A long-listed finalist for the 2009 Walkley non-fiction book of the year
Killer Company exposes the shocking facts of the James Hardie Industries asbestos scandal.
The real James Hardy, the founder of the company, had almost no connection to the Australian asbestos mining, manufacturing and supply company.
James Hardie Industries grew to prominence under the Reid family. Its use of harmful asbestos fibre lead to the deaths of thousands of workers and customers, who were never informed of the dangers.
Killer Company reveals how James Hardie Industries manoeuvred around the institutions designed to protect citizens from serious hazards to their health. The book opens with the true account of former James Hardie employee, Bernie Banton, described as a ‘true Australian hero’.
Author Matt Peacock spoke at length with Banton, who gave interviews from his hospital bed, where he was being treated for asbestos-induced fibrosis. This fibrosis can lie dormant for many years. When it presents itself, a rapidly fatal tumour spreads over the pleural covering (the thin protective lining) of the lung.
Bernie Banton fought James Hardie Industries head on. He drew intense public interest to the scandal, and was persistent in battling the company in court.
Peacock includes excerpts from documents proving that “the highest echelons in James Hardie knew of mesothelioma and the dangers of asbestos dust two years before Banton began to work for the company”.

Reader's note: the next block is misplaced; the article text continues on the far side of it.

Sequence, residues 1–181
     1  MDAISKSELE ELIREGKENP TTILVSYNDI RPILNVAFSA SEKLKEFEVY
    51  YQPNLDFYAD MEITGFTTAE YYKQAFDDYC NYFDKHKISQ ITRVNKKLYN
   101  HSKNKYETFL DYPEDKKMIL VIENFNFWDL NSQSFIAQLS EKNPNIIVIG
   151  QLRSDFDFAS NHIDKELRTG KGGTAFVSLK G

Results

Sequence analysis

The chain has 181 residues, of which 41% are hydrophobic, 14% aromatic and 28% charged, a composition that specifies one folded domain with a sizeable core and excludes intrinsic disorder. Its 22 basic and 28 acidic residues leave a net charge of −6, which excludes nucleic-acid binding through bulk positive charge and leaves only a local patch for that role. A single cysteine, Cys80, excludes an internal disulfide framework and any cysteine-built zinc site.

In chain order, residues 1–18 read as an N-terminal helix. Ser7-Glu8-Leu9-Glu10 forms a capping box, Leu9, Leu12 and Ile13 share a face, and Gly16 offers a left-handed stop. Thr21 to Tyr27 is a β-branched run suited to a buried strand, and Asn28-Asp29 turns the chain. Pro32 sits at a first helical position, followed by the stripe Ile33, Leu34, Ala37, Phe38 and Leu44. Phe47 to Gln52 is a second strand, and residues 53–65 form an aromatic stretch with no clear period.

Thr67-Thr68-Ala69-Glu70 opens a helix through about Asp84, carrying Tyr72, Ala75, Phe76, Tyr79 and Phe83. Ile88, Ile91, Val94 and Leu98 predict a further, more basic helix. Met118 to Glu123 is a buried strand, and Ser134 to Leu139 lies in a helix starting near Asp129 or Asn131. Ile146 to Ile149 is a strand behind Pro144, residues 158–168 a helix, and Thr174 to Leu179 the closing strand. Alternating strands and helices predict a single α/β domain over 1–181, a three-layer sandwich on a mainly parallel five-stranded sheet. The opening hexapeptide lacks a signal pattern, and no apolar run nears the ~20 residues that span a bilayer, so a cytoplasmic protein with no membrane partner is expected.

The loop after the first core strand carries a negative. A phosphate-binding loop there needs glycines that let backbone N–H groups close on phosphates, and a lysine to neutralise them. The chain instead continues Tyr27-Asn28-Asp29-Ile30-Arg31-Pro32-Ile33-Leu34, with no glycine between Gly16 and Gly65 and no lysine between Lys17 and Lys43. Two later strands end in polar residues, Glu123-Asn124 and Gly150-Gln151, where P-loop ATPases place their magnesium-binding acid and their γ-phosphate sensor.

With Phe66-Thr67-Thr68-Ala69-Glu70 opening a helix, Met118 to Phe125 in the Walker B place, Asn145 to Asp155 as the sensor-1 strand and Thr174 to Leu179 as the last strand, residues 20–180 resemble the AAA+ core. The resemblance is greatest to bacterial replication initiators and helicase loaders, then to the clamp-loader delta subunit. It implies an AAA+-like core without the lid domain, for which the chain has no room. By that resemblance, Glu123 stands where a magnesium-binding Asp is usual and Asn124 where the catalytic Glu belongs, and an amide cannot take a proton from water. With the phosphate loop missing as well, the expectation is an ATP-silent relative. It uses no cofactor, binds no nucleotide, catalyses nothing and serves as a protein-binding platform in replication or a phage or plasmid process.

Killer Company shows how a thoroughly committed group of unionists, lawyers and activists finally unveiled the shocking cover up for the public, and the justice system, to see.
The book is based on newly discovered documents, and extensive interviews with over one hundred former James Hardie employees and other key figures.
Peacock’s research includes evidence that asbestos is still in some public areas today. Hessian sacks that once contained asbestos were placed under some wooden flooring in houses. Some driveways are made of recycled asbestos. At the Baryulgil Aboriginal community, children who played in asbestos tailing, which lined the roads, are now developing rare cancers.
Killer Company by Matt Peacock, published by ABC Books, RRP $35
Review by Angela Welsh, a student at Macquarie University and intern with the Walkley Foundation.